Chrome and Chromebooks are on the cusp of having parental controls, with Google unveiling a new feature called “Supervised Users” today. The functionality gives parents and others the ability to limit Chrome with things like SafeSearch filtering, website blocking, and more. The feature is currently available to those in the beta channel.
The feature was introduced by Google Software Engineer Pam Greene, though rumbles about it have surfaced in the past. The preview is rolling out now, and can be accessed by heading over to Chrome.com/manage, where one will have access to the account’s dashboard. Before that is possible, however, the Supervised User has to be set up, which Google has provided an instructional write up on.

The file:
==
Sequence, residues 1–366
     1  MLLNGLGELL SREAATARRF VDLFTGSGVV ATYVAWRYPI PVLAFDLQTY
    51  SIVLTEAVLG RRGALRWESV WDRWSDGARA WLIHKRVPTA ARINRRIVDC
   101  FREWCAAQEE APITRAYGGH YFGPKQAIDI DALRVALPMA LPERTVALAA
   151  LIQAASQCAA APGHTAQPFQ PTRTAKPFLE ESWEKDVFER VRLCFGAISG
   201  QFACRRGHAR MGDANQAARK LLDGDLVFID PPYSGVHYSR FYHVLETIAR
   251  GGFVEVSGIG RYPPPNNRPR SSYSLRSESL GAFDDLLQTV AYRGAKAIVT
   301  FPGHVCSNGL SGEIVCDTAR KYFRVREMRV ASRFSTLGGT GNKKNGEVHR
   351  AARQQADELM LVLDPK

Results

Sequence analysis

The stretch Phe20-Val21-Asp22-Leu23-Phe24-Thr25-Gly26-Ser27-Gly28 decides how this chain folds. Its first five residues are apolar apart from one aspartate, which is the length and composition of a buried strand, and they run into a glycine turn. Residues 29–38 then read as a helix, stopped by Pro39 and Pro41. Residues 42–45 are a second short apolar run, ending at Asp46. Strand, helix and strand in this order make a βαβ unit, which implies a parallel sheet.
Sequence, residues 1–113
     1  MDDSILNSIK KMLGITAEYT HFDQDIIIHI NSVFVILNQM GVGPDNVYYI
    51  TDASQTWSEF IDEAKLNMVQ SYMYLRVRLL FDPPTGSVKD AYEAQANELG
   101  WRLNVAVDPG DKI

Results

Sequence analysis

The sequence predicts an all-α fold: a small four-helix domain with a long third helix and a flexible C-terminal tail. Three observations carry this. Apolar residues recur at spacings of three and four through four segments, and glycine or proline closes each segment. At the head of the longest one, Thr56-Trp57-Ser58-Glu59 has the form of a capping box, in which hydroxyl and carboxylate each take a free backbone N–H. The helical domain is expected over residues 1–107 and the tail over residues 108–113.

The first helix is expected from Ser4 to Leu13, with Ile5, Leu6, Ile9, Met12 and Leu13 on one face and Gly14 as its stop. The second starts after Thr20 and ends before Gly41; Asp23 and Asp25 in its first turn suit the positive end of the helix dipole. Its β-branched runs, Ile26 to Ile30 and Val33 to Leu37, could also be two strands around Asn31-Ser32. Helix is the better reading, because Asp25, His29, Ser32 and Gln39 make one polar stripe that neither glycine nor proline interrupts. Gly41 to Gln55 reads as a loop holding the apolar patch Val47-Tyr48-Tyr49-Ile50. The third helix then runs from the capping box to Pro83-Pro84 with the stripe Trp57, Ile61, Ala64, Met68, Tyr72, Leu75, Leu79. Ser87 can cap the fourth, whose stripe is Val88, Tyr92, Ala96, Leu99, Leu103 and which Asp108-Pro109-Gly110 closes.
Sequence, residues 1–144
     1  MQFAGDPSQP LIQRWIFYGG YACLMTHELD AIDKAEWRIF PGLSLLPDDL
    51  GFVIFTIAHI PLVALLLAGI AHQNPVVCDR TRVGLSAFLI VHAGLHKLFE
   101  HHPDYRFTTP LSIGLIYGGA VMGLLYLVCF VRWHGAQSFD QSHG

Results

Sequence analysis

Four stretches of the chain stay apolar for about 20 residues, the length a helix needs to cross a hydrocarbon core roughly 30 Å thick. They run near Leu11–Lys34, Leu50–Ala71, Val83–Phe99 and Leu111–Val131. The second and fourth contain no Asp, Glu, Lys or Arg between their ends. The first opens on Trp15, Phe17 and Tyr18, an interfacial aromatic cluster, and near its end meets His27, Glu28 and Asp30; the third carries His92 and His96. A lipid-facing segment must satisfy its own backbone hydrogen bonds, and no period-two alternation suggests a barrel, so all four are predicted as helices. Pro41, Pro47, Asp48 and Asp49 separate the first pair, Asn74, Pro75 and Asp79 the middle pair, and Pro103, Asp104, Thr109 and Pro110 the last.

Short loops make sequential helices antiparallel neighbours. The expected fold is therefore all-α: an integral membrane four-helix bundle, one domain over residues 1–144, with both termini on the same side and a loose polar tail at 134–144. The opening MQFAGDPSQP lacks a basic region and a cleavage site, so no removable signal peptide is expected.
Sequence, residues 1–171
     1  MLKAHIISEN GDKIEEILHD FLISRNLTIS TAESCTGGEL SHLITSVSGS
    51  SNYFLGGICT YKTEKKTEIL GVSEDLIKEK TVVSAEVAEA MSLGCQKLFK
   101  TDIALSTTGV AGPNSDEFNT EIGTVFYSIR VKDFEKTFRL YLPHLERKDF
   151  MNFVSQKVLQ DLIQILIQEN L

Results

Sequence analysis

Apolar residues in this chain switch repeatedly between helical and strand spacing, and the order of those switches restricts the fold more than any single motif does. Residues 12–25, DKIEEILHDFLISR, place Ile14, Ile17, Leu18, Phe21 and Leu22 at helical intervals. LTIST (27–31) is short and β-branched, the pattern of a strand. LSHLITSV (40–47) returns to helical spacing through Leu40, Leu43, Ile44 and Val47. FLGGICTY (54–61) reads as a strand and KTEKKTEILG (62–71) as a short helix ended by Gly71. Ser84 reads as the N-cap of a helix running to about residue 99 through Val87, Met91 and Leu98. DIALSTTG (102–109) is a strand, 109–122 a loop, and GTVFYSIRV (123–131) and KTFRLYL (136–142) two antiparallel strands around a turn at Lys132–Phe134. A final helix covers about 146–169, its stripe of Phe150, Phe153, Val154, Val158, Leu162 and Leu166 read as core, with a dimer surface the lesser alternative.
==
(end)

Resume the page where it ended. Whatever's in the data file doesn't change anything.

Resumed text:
With this feature, parents can setup a Chromebook, for example, for a child, restricting the browser in such a way that only age-appropriate content can be accessed. The same parent can later review the websites that the child has accessed while on the machine, adding and removing websites to the blocked list as desired. If a website that has been blocked wants to be accessed, the parent will be able to see that desire.
While Chromebooks seem to be a larger focus for Google, an earlier version of the beta feature is available for those who are running something other than Chrome OS, whether Linux, Windows, or Mac. If you’re not seeing the feature yet and you’re on the beta channel, be patient — Google says the feature is rolling out over the course of the next week, so it might take a while to get your way.